Estate planning is very multifaceted. When working with a professional to develop plans for the preservation and distribution of your estate, you'll want to research an array of options. Those options include a will, although if that is the only one used, probate complications can ensue. Another good option is a living trust.
A living trust combines the facets of a will and the facets of financial power of attorney into one document. Additionally, it can be a way to manage assets both when you're alive and after you leave your assets to your heirs. That combination of features is making it a popular tool for people of all ages doing estate planning.
A living trust isn't meant to simply be a tax haven or uncomplicate estate matters with the IRS. Applicable taxes on your estate will need to be paid in accordance with how it is structured and in compliance with tax law. However, a living trust does have advantages.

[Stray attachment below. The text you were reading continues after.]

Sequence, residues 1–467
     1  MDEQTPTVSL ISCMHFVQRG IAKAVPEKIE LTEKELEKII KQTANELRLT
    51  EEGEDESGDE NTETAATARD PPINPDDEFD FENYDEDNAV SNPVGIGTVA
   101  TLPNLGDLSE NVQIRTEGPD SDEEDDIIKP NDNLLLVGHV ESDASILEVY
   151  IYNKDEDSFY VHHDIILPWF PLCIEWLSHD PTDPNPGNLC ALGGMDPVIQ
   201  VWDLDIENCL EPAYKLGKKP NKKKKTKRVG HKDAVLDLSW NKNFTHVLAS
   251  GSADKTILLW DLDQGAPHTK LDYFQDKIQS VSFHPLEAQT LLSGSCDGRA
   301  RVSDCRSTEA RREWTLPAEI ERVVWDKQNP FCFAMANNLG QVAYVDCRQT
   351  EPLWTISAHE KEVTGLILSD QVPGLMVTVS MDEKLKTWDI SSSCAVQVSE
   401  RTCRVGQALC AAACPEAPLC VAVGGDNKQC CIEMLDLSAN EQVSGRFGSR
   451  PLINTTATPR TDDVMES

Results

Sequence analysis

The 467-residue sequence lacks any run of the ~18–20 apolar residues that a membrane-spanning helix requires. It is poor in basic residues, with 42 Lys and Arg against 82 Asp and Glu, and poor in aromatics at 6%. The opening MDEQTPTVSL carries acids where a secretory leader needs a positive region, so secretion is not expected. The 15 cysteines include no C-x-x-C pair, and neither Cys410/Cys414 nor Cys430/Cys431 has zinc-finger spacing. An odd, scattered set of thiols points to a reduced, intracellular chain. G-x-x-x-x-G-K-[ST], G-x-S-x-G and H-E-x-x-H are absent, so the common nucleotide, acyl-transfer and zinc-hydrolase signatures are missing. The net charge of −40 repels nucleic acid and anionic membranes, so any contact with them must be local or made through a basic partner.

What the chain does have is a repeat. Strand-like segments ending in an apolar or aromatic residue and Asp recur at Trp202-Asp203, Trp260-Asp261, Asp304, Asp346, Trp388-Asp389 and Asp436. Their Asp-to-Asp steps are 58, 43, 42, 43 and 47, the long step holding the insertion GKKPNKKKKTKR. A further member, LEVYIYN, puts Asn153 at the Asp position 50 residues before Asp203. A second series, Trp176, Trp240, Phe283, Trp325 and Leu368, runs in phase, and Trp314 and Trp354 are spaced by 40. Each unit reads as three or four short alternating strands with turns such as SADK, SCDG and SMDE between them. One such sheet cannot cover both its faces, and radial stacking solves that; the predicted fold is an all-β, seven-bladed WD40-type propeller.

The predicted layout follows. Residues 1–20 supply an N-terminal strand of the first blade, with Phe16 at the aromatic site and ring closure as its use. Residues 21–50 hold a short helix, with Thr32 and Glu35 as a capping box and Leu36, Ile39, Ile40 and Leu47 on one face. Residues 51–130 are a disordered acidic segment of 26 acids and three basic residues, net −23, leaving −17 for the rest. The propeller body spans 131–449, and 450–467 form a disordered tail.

One is that it's a way to set a certain amount of funds aside. Additionally, you still get to make the decisions about how the money is managed, meaning that the control of that money stays in your hands.
Also, assets in a trust won't be subjected to probate, so you can avoid lengthy court proceedings and excessive publicity of the estate. Correspondingly, the estate is spared the settlement costs of court battles, which could otherwise take 5 percent or more of its total value.
A living trust is certainly worth considering. To learn about them in detail and how they can work for your estate, contact an attorney who specializes in estate planning.
Source: Fool, "The Truth About Living Trusts" Dayana Yochim, Nov. 30, 2014